Additionally, there are questions on whether or not police will be more likely to identify an otherwise innocent situation or individuals as criminals when being deployed in an area identified as being at risk. Police are also then using this technology to make decisions, even though it is relatively new, without knowing the full impact of this type of decision-making.
There are also many concerns over how predictive policing technology can rationalize or perpetuate profiling potential criminals, since police may feel more justified in deciding that a certain demographic is more likely to commit crimes because their computer modeling says so.
On the last point, the concern about predictive policing violating civil rights is so great that 17 organizations signed a joint statement (PDF) stating that such technology is “is profoundly flawed: it is systemically biased against communities of color and allows unconscionable abuses of police power”.
Many companies came together to put forth the joint statement. Image courtesy of CivilRightsDocs.info (PDF)
The statement cites that there is not enough transparency in how the predictions are made and that a computer prediction cannot be used as evidence to allow police to stop and investigate someone, among other things.
The Internet and social media has also opened up new doors on how predictive policing can be used. While there are a handful of special individuals who end up outing themselves online by posting about their crimes, it has also been reported that police have used social media networks to collect data and observe social connections to try and collect evidence on suspected criminals. It is also quite easy for a massive amount of data to be collected and analyzed from social media sources, something not possible just several years ago.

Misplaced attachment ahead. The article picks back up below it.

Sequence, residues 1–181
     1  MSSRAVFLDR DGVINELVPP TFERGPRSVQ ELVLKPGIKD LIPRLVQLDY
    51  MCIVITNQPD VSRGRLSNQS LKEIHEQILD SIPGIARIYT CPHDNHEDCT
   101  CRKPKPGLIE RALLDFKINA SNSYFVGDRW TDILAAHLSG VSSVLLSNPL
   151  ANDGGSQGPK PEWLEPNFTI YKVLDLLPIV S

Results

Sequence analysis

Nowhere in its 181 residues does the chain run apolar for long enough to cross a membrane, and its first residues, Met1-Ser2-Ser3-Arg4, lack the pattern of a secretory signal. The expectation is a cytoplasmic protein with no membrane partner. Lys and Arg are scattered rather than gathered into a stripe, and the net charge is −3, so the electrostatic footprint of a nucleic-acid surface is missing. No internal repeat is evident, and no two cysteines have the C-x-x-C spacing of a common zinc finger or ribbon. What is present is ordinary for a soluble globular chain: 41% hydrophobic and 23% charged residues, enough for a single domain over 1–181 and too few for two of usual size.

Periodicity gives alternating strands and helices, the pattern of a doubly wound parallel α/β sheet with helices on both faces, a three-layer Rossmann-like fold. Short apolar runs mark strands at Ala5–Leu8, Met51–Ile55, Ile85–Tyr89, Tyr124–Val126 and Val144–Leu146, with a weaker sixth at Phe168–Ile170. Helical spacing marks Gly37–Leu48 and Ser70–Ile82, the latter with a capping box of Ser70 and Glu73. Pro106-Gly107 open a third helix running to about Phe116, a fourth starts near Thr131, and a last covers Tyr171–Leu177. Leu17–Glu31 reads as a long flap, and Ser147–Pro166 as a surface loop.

The 2015 Data & Civil Rights Conference covered this topic in a publication called Social Media Surveillance and Law Enforcement in great detail. When it comes to the way social media is used in law enforcement and the way data is collected and analyzed, there are still no real guidelines on how to do so in a responsible and ethical manner.
The only way to keep your online information safe from surveillance is to put as little information online as possible that is not necessary, ensure that you are aware of all privacy settings for the things you post online, be aware of who is in your social media networks and who will see what you share, and be aware of policies for how your information and data is shared by social media platforms.
As neural networks gain popularity (and research funding), these questions and concerns will only become more urgent. This is an area where the tech sector presents difficult issues: How can we weigh civil liberties against public safety? How can data gathering be used ethically? We're increasingly seeing neural networks and cognitive computing raise such questions—and it's a trend more likely to grow than wane.
Feature image courtesy of HunchLab.